BEIRUT (AFP) – Pilots from Lebanon’s Middle East Airlines (MEA) began a 24-hour strike on Thursday in a bid to reclaim benefits lost nine years ago, grounding 23 flights and some 5,000 passengers.
“All flights for today have been halted,” Mohammed Houmany, who heads the Lebanese pilots’ syndicate, told AFP.
“We allowed one flight from Paris to land early this morning and will fly another carrier in from Abidjan later this evening for passengers who are only transiting in Lebanon, but that’s it,” he added.
“And we are ready for another strike if our demands are not met.”
Around 180 pilots were involved in the action which began at 3:00 am (0000 GMT).
They are demanding higher starting salaries and more days off, benefits they lost when MEA underwent a massive restructuring between 1998 and 2002.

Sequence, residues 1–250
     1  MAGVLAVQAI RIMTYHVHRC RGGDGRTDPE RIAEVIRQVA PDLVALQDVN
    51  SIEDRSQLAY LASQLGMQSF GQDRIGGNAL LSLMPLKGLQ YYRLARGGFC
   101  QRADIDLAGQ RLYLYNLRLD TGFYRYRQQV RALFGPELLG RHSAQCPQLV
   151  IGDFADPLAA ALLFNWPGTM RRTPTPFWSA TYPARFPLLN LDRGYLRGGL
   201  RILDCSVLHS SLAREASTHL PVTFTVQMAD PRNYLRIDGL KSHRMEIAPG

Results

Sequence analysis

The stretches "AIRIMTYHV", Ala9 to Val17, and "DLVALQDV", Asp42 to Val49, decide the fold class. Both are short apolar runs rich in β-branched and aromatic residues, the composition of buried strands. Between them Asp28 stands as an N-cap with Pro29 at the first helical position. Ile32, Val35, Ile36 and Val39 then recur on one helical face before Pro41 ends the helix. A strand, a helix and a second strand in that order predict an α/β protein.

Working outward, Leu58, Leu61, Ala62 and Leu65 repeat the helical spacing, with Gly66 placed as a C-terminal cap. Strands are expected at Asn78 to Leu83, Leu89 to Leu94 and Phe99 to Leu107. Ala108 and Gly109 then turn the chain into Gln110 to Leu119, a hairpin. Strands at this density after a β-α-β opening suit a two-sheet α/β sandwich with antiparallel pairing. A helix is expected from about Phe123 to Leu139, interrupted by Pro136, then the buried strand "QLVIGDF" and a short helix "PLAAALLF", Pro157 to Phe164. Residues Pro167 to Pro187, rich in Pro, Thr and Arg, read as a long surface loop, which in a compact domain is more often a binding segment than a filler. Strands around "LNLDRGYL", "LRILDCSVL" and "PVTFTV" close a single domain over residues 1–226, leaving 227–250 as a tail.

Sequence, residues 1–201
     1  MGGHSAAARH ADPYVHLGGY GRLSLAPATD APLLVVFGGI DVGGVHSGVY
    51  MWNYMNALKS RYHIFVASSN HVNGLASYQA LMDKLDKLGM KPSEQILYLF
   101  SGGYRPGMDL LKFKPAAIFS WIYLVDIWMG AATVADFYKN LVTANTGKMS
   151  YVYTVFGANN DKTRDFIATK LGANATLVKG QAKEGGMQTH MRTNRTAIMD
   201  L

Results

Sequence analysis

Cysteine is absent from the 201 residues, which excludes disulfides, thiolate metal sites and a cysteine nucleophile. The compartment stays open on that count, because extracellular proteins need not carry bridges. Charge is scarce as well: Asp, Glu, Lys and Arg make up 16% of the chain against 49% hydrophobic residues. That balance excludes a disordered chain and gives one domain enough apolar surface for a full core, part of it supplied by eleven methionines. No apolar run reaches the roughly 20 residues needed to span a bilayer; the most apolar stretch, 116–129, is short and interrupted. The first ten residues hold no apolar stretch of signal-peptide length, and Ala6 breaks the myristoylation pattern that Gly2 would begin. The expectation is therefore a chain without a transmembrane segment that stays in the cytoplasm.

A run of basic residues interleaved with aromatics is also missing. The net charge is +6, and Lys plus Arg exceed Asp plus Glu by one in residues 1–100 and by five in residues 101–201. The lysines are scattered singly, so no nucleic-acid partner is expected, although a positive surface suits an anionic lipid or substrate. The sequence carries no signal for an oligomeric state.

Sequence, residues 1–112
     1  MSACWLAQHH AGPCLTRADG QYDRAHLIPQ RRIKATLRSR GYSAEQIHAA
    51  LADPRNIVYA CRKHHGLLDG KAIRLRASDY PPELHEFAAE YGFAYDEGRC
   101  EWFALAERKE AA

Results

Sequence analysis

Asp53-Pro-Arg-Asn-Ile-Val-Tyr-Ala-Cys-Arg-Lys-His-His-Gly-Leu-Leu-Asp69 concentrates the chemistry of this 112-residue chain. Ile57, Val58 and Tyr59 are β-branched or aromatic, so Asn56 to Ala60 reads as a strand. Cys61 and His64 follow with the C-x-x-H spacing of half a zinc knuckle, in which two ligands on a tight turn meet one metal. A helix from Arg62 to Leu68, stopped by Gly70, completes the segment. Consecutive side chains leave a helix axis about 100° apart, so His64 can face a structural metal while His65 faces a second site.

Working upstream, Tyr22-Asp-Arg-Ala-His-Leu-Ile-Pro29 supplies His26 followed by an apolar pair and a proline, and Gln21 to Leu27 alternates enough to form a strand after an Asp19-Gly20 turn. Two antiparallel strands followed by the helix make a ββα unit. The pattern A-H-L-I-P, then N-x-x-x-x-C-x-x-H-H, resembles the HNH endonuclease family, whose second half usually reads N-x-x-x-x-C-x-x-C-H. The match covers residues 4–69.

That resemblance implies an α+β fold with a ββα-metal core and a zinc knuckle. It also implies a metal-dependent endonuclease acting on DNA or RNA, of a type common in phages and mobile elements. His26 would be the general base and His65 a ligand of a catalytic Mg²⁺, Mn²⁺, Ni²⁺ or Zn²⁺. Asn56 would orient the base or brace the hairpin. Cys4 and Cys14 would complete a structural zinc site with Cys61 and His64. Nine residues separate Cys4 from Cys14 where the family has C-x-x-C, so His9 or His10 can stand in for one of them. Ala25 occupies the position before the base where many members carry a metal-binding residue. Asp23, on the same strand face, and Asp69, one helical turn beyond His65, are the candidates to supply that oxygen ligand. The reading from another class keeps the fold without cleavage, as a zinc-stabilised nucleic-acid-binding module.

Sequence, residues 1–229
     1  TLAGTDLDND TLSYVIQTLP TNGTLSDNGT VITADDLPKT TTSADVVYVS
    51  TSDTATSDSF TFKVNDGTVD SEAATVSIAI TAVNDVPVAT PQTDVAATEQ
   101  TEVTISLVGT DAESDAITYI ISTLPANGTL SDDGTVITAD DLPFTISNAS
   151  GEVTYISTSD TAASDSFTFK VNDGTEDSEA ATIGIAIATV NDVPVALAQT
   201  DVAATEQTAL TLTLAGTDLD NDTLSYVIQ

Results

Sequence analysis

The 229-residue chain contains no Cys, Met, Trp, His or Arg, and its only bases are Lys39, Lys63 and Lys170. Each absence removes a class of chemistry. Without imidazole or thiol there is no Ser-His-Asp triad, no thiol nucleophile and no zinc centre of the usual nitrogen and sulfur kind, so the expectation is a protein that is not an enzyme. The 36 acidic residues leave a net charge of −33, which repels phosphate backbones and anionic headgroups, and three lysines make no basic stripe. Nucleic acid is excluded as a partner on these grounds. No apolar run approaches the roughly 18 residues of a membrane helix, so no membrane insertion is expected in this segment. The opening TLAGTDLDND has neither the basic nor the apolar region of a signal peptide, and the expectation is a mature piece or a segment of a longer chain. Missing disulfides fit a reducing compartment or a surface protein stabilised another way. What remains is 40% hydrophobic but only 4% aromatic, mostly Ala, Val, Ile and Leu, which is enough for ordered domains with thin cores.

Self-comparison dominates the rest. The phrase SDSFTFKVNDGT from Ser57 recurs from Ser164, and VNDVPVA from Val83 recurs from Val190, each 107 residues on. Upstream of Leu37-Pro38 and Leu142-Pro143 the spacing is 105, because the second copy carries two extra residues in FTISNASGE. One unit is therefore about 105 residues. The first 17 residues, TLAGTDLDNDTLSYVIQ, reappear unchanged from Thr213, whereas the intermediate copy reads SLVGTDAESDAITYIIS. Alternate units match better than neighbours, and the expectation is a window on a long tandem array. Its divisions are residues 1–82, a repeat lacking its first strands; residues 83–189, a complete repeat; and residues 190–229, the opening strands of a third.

The overhaul turned annual losses of close to 87 million dollars (65.7 million euros) in 1997 to a net profit of 22 million dollars (16.6 million euros) in 2003, according to the airline’s website.
But it severely reduced pilot benefits while increasing their working hours.
In a message on its website, the carrier apologised to passengers for the “inconvenience” of the “unauthorised disruption of flights.”
Its chairman Mohammed Hout was due to hold a press conference at noon (0900 GMT).
MEA, Lebanon’s national flag-carrier, has been active since 1945 and is majority-owned by the central bank.
In 2009, the carrier announced a profit of more than 100 million dollars (75.8 million euros).